The trouble is that both the Tea Party and President Barack Obama have existential reasons to force a crisis. Obama, as I wrote two weeks ago, faces probable defeat with a becalmed economy, and may benefit from a crisis in which he casts himself as savior-in-chief (see Obama could stir a Tea Party crisis, July 19). The Tea Partiers may conclude that no compromise will benefit them, and decide to take the system down in revenge.
There is an underlying economic motive for this confrontation: the cure for the American economy is not necessarily a cure for the majority of the American middle class. The only recovery thus far (and the only recovery possible under the circumstances) has occurred in corporate profits and equity prices.
But this benefits only the small minority of wealthy American families who hold financial assets. The majority of Americans hold most of their wealth in real property (mainly their own homes). They have had no recovery and have no prospect of one. And the quickest path to recovery is one that offers few benefits to them…
Neither the middle-class Republicans who support the Tea Party, nor the core Democratic constituencies who elected Barack Obama, have much of a stake in the outcome of the budget debate. That explains why the debt ceiling has turned into a cliffhanger, to the consternation of financial markets.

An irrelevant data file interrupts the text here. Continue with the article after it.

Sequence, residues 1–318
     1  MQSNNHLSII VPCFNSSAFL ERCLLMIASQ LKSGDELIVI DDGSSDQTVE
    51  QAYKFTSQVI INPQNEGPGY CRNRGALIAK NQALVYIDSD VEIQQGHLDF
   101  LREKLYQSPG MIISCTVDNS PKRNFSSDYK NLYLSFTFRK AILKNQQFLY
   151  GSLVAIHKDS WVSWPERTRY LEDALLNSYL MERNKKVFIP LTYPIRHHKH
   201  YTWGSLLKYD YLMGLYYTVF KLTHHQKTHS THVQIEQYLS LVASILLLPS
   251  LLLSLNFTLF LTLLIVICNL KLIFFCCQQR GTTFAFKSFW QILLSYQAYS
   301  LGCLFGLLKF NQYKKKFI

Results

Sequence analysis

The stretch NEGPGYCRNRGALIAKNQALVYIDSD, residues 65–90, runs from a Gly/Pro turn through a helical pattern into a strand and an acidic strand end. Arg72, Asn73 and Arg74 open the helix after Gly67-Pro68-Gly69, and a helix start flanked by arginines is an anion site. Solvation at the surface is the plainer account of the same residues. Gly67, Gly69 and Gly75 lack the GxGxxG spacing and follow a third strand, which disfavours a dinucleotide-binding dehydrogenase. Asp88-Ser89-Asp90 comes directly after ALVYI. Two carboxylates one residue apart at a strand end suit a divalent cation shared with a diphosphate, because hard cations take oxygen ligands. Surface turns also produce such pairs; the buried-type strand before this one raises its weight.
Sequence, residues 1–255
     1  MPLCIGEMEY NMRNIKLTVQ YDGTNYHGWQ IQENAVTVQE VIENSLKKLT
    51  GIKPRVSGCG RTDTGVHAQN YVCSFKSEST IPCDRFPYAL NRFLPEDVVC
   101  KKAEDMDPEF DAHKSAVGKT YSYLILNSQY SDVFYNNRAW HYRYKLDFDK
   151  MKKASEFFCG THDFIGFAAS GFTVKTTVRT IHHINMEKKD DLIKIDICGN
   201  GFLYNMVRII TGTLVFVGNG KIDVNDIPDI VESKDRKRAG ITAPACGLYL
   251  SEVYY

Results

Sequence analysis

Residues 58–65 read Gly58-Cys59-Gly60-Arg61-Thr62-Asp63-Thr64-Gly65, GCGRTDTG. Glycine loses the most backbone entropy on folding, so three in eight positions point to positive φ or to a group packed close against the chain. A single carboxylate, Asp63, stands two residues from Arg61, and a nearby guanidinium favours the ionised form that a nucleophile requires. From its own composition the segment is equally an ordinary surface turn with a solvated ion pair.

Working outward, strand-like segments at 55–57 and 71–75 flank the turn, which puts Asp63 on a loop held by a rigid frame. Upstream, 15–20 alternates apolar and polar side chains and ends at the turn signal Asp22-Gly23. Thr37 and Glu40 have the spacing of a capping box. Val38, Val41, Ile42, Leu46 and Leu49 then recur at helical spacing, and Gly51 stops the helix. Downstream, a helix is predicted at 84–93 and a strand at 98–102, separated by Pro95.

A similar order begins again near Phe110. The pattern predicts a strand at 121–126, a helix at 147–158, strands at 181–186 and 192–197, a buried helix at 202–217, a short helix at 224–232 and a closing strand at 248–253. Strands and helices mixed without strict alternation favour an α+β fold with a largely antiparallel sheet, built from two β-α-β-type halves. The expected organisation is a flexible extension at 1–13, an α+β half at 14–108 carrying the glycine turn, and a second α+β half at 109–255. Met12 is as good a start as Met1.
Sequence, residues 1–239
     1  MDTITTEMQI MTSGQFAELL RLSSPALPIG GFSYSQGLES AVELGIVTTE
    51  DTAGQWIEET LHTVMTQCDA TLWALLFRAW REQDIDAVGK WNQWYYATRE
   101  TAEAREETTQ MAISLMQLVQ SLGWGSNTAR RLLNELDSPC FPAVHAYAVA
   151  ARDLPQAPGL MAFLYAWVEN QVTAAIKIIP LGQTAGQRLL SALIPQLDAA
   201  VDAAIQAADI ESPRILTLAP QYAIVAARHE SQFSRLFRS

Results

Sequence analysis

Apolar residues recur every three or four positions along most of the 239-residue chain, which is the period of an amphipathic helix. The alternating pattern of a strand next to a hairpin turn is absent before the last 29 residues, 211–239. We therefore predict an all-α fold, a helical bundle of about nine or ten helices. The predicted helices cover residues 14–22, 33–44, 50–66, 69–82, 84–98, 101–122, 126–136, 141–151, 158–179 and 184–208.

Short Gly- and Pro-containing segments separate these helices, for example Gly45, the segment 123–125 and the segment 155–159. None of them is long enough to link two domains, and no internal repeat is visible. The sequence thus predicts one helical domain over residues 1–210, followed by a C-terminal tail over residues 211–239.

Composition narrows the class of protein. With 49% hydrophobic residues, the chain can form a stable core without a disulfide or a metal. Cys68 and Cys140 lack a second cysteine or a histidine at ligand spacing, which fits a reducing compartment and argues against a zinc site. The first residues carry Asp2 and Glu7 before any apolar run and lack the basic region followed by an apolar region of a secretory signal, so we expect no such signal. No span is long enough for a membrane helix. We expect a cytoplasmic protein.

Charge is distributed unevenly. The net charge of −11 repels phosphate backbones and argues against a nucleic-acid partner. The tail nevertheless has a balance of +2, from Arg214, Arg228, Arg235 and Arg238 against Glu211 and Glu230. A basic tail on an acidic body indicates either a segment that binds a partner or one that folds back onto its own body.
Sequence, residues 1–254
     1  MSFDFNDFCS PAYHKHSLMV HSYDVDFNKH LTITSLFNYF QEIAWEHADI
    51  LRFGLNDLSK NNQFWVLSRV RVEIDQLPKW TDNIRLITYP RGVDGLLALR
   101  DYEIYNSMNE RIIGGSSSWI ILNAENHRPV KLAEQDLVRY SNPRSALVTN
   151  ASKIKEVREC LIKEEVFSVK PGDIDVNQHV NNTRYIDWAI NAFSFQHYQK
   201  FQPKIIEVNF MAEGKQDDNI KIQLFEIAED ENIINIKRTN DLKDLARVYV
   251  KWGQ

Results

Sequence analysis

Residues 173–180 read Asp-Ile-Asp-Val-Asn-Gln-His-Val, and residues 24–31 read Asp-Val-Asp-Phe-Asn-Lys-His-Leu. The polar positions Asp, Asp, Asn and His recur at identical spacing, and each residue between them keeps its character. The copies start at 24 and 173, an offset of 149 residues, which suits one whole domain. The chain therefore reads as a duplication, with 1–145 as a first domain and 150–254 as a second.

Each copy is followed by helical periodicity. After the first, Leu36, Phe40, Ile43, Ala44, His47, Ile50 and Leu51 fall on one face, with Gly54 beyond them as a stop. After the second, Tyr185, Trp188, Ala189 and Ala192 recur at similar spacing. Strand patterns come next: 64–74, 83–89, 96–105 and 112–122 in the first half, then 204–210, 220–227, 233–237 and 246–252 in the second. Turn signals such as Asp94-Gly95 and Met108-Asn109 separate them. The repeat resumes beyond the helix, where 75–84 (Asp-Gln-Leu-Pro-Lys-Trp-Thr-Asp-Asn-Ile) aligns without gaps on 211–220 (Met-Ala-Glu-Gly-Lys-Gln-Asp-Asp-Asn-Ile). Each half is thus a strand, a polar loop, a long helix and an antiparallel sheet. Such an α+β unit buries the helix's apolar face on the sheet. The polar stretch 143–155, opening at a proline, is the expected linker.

What we are seeing here is the disconnection of the prosperity and success of the country with the prosperity and success of a large portion of its population. This is always dangerous. We’ve averted disaster for the moment, but the cuts are inadequate, and there’s more political mischief to come. Both Barack Obama and the Tea Party blinked, because the alternative is the abyss, and neither is sure who’s going to be alive when they hit the bottom.
If the recovery drags out–and that looks to be the case–the desperation may increase, and someone may finally decide to pull the plug. There are plenty more opportunities for that to happen.